Learning how to map out each detail helped her identify potential challenges that may arise when tracking study progress. She knew that failing to address these barriers early on could impact the quality of her research, her well-established professional credibility, and the community trust she has worked so hard to build.

Project Description:

Smoking Cessation Intervention for the African American community

Project Duration:

September 1, 2020 to August 31, 2022​

A public health Graduate Research Assistant (GRA) planned to submit a National Institutes of Health (NIH) federal grant (F30) to support her health disparities-focused dissertation on developing a smoking cessation intervention for the African American community. She was extremely knowledgeable about effective smoking cessation interventions as well as the culture and needs of the community.

She needed help strategizing how to effectively manage the day-to-day activities of the study and she knew planning this out beforehand was ideal. With responsibilities from school, work, local and national presentations, and publication development, she was not sure how the research study would fit into her already jam-packed schedule.

The GRA needed a plan to help balance her increasing responsibilities as a future pioneer in the field. I knew I could help her with managing the various administrative components of the research process.

I trained her using the Public Health Research Consulting (PHRC) mapping method to define the management activities appropriate for her type of study. Learning how to map out each detail helped her identify potential challenges that may arise when tracking study progress.

She knew that failing to address these barriers early on could impact the quality of her research, her well-established professional credibility, and the community trust she has worked so hard to build.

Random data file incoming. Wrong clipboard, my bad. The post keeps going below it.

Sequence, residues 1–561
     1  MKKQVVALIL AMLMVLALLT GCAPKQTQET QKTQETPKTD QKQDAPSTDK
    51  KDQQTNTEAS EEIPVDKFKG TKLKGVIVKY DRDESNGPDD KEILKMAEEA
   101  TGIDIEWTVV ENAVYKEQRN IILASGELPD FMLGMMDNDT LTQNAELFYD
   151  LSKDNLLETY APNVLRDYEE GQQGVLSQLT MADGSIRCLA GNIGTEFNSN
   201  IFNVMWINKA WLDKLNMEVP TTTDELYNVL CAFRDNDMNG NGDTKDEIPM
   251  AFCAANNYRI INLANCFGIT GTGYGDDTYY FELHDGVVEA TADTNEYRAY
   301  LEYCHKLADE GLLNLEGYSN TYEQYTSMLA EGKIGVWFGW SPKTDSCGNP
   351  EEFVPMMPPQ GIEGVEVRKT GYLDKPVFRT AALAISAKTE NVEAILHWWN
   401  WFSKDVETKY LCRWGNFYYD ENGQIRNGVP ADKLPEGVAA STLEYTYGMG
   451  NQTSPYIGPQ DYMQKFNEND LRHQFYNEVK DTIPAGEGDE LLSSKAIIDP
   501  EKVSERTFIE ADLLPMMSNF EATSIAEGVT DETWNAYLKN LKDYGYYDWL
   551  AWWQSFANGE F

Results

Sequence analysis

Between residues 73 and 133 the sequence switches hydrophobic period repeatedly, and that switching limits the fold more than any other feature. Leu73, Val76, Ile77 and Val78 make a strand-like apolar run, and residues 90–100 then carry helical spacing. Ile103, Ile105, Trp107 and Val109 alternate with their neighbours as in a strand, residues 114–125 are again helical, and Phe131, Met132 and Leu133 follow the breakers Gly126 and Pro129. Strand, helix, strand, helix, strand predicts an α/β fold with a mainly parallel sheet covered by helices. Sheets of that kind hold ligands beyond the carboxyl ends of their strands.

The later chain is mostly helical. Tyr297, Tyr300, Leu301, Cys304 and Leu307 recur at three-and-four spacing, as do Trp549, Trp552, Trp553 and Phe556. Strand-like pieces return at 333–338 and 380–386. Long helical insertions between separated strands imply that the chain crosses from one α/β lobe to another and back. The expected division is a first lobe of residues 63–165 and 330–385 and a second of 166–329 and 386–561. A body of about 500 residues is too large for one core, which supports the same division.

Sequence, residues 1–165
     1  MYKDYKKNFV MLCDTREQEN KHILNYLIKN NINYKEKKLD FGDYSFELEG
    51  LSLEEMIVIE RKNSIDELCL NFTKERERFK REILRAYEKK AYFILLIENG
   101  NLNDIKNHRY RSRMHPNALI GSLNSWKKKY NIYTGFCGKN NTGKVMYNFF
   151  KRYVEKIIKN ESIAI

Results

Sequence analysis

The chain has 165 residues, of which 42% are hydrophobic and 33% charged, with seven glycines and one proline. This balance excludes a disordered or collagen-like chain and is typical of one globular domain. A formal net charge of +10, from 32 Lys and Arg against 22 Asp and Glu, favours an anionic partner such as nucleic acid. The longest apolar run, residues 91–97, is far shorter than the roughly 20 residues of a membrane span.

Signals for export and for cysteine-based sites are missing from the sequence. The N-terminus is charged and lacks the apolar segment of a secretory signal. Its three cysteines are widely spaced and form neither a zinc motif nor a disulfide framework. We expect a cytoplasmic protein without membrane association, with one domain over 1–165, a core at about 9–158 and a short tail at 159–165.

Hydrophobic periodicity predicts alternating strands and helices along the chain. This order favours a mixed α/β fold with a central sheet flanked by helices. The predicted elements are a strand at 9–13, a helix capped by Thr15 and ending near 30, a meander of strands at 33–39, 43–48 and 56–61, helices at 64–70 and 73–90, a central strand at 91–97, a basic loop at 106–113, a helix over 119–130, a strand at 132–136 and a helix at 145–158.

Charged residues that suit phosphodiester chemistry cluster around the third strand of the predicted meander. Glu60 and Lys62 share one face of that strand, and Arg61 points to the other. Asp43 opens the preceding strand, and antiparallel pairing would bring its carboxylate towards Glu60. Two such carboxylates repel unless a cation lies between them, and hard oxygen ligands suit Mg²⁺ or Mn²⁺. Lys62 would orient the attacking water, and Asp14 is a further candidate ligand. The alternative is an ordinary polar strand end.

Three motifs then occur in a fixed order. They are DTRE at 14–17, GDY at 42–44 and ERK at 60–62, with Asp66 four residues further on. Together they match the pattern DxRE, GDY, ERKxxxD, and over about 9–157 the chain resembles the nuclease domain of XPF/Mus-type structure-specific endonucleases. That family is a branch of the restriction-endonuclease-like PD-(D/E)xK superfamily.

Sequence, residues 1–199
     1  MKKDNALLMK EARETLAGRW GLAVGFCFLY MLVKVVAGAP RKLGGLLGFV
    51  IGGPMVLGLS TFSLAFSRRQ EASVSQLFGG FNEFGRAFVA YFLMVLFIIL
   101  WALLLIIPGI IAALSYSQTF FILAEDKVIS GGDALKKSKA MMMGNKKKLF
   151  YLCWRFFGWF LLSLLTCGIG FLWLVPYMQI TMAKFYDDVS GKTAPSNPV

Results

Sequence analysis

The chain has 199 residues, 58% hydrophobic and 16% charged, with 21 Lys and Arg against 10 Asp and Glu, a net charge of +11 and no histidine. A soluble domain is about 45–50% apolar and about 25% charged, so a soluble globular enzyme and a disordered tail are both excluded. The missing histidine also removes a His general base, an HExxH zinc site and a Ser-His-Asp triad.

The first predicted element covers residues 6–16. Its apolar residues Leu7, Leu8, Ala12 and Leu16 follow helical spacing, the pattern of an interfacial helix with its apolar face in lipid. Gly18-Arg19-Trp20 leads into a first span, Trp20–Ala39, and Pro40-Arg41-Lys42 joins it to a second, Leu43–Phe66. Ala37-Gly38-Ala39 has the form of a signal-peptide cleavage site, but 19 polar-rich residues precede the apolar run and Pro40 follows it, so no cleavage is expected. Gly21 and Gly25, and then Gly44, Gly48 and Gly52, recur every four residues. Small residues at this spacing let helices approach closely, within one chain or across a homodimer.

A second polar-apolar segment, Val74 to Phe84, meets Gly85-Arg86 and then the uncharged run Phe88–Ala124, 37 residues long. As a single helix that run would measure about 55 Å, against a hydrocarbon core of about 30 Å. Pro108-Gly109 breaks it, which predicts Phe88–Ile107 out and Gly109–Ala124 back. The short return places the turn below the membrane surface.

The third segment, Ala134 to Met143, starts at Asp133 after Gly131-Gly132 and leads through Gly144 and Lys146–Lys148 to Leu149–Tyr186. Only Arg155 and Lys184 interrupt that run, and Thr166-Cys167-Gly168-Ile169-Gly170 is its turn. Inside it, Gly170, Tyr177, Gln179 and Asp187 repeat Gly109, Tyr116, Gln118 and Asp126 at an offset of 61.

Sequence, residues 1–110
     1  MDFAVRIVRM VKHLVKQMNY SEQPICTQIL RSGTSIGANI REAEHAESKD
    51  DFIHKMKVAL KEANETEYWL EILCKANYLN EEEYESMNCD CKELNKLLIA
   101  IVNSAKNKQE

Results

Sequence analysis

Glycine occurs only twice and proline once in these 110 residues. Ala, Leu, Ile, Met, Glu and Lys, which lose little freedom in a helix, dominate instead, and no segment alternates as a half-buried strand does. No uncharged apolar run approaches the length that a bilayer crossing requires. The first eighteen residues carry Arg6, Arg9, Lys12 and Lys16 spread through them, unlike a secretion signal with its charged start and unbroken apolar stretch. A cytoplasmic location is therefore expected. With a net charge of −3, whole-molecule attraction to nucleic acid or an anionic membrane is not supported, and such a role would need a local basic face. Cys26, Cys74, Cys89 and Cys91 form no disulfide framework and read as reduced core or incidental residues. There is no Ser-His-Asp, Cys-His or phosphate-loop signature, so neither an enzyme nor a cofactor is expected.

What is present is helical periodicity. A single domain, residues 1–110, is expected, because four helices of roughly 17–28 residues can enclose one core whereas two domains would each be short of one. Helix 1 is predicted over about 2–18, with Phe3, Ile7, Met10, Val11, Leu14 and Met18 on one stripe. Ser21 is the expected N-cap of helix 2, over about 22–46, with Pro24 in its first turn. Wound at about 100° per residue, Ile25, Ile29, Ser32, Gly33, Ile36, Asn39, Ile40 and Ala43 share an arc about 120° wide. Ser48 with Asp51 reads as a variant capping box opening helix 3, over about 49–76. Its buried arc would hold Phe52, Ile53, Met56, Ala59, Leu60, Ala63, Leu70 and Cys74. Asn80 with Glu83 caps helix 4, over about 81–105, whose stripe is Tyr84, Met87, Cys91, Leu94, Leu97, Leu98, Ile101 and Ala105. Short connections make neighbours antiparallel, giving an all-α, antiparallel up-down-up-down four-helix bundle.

Let me give you an example of a problem we identified early on.

While mapping out how she would track the progress of recruitment, enrollment, and data collection, we discovered that the location originally confirmed for participant meetings was not ideal for the African American community.

There were several reasons for this:

1) the African American community had a negative perception of that particular hospital

2) parking was not free and the GRA did not have enough in the budget to cover parking costs

3) there was no guarantee that the hospital meeting spaces would be available when needed.

So now what?

After our discussion, she reached out to her network and partnered with a local minority-focused organization that instantly agreed to host the meetings, free of charge, and most importantly, where the participants would feel most comfortable. There were several other challenges identified specific to her research study that were resolved before she submitted the grant.

In the end, the GRA submitted her grant and expressed comfort in knowing that major challenges were addressed before she started the work in the community. She was confident knowing her future research would reflect who she was as a professional: confident, knowledgeable, trustworthy, and community-focused.